Leading the cutting-edge project is Dr Kieran Collins from Castlehaven who joined Ludgate last year and comes with 20 years' experience in the education sector. 

He explained how Covid-19 accelerated their plans by about three years, as it highlighted the need to develop 21st century educational skills across the eco system of national and secondary schools. 

‘Lots of secondary schools had Microsoft 365 but national schools really had nothing. What we were seeing were teachers who were under stress and strain, students who were struggling with a new learning environment, and parents caught in the middle trying to balance  work and education,’ he said. 


The project is funded by Ludgate (pictured), Enterprise Ireland and industry partners.


They approached Google in May with their idea, and with support from Ronan Harris, VP for Ireland and the UK and Ludgate board member, they began to engage with schools. Now they’re at the training stage for both teachers and pupils. 

‘In what’s a first for Ireland, we’re working on a district model as opposed to a school-based model which will make it easier to roll out to multiple schools. It means we manage the project, which really takes the pressure off them.’

Kieran’s enthusiasm for the project is infectious. ‘This will revolutionise teaching in terms of access to resources and sharing of these resources. It can be used in the event of a second lockdown, but it’s really most useful when it’s embedded in the classroom environment. It’s evidence-based and will really help schools move away from a regimented learning approach, to a discovery approach.’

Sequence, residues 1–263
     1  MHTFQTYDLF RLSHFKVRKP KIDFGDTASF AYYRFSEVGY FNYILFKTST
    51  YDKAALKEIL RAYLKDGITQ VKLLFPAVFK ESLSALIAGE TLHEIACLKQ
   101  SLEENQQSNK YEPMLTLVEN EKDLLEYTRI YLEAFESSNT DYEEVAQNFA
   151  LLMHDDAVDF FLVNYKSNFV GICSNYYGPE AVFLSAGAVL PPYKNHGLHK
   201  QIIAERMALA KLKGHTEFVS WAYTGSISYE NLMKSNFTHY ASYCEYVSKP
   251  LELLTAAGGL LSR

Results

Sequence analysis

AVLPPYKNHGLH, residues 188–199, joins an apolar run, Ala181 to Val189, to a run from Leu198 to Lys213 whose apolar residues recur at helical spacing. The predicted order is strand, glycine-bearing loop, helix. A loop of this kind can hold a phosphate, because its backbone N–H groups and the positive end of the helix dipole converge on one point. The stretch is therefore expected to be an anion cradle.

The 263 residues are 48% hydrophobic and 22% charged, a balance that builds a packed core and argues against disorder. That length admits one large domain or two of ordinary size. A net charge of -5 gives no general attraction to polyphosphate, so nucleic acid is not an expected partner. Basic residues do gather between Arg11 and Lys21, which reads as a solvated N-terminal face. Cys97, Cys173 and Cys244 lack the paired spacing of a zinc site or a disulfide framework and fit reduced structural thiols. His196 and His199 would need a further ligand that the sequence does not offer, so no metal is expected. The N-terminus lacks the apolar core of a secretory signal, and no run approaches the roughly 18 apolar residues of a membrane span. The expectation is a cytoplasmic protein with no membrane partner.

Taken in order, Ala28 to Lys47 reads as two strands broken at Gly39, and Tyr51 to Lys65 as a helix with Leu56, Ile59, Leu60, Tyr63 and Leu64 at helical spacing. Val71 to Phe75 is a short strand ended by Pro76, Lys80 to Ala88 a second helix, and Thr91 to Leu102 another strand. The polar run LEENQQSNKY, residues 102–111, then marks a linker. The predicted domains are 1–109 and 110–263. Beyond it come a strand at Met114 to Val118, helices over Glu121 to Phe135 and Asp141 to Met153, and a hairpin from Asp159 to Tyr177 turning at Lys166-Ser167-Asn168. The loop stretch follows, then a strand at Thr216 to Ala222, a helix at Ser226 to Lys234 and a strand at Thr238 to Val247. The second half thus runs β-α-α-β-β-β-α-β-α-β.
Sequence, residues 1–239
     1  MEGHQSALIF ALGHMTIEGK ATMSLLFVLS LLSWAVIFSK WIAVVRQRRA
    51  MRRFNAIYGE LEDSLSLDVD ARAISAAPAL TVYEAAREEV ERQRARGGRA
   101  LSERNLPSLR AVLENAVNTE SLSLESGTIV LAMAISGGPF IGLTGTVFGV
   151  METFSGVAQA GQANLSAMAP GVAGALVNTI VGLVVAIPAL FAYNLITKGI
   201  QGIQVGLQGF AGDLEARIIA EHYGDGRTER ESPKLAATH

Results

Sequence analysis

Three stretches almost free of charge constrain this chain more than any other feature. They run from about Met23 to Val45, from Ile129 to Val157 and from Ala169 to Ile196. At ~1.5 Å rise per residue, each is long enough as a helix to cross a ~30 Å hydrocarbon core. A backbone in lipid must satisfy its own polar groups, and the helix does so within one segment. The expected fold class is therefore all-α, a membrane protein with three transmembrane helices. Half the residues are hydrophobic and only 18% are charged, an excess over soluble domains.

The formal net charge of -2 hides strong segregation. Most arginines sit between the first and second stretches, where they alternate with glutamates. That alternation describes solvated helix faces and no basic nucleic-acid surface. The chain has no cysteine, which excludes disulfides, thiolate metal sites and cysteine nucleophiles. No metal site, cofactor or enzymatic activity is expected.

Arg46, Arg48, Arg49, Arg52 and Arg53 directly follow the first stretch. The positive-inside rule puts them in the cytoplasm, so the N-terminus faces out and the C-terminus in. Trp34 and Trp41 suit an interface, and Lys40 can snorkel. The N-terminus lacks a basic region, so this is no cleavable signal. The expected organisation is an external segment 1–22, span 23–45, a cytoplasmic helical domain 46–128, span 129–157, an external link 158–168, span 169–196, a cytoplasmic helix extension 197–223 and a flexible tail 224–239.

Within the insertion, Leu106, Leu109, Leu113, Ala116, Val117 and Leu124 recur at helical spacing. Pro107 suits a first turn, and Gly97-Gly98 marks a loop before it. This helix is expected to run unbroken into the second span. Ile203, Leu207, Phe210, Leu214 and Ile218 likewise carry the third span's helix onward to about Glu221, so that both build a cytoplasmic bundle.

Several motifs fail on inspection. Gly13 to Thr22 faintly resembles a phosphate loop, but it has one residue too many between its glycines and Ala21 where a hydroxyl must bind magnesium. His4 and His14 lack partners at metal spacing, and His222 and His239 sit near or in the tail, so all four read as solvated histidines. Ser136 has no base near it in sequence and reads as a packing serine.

Isobelle Nealon, principal Dreeny NS said: ‘Google Classroom is an efficient way to teach online both in-class and remotely. Work and assignments can be simply structured for use by students as sharing files is very easy and projects can be uploaded for everyone to view. As a basic tool tosupport learning, it's great and more importantly-free!’ Kieran, who came to Ludgate from Tallaght IT, said that while youngsters are savvy in terms of social media, he has seen many students starting third level who lack fundamental digital literacy and fluency. And a lot of that comes back to the resources they’ve had access to while in school.